Finding a moment of calm in your day just got a little easier thanks to Be Time, a mobile meditation studio that pops up in a different neighborhood each day of the week.
Columbus Circle at 9 a.m. is a manic scene of hurried office workers and aggravated traffic. A squad of fire engines is blocking the corner of 58th street and 8th Avenue, and everybody (me included) is huffing and puffing and cursing subway delays.
It takes me a little while, but when I finally spot Be Time—a glossy black bus emblazoned with a beaming face—I hurl myself aboard, flustered. The vibe inside is like a very chilled rocket ship: the walls and ceiling are glowing, and two parallel lines of cushions face the back, where our meditation teacher sits crosslegged in a halo of violet light. It smells like an aromatherapy spa, and thanks to some very effective sound-proofing, not a single street noise is audible.
Be Time is the brainchild of Carla Hammond, a dedicated meditator who drew inspiration from the food truck movement to develop her concept of a zen den on wheels. “I wanted to create an unexpected, accessible, peaceful and modern space where people can stop by at any time to take a break from the urban hustle,” she explains. “We want people to reset and take a moment of their day for self-care while also benefiting from all the science-based wellbeing results that meditation has to offer.”
The benefits of meditation are myriad and include solutions for many classic NYC maladies: stress and anxiety, high blood pressure, poor concentration, and insomnia, to name a few. Some studies even suggest it can increase feelings of compassion—something big cities like this one can never have too much of.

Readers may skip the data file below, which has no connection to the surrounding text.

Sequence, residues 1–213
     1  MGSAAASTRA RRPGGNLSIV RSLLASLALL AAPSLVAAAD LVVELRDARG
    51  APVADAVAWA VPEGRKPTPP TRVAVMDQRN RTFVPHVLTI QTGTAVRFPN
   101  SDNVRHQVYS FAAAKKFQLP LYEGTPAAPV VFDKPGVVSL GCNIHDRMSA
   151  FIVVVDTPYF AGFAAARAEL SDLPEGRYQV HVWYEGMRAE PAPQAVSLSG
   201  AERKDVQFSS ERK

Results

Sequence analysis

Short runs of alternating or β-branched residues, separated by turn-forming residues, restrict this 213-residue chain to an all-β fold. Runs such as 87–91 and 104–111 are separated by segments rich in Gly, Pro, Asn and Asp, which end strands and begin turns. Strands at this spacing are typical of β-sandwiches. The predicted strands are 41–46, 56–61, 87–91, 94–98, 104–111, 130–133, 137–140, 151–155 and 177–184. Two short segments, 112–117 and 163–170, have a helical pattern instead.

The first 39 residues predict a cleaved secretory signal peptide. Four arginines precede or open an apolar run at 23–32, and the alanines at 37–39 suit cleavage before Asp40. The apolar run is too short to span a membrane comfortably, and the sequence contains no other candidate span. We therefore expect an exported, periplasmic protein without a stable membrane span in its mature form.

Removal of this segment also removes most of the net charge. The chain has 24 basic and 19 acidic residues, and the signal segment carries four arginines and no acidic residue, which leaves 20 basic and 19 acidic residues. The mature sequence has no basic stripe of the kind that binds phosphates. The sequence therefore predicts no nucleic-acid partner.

The teacher helps me get settled—placing a weighted blanket over by legs (proven to evoke calm sensations in the body) and instructing me to feel the connection between my sitting bones and the floor. Guided by her words I picture my exhales entering the earth like roots, and my inhales drawing “cooling blue healing light” from the soil back into my body. By the time we close the practice with a Namaste 30 minutes later I feel floaty, peaceful, and completely disconnect from the intense energy outside.
Of course meditation is technically always accessible to us. All we need to do is close our eyes, focus on our breath, and let thoughts pass without judgment or attachment. For most of us, though, that’s harder than it sounds, and there’s real value in being able to enter a serene bubble where none of our daily stresses and distractions are present.
“I’ve lived in New York for over 16 years now and have been part of the hustle and bustle of the city every day. It’s easy to fall into a mode of just ‘getting things done’, rushing from one place to another, and suddenly realizing at the end of the day that you weren’t really present for most of it,” says Hammond. “I deeply believe in the positive impact meditation can bring to people’s lives, and with Be Time I hope to help create more peaceful environments for all of us, both on the inside and the outside. Imagine a calmer, kinder city. Bliss.”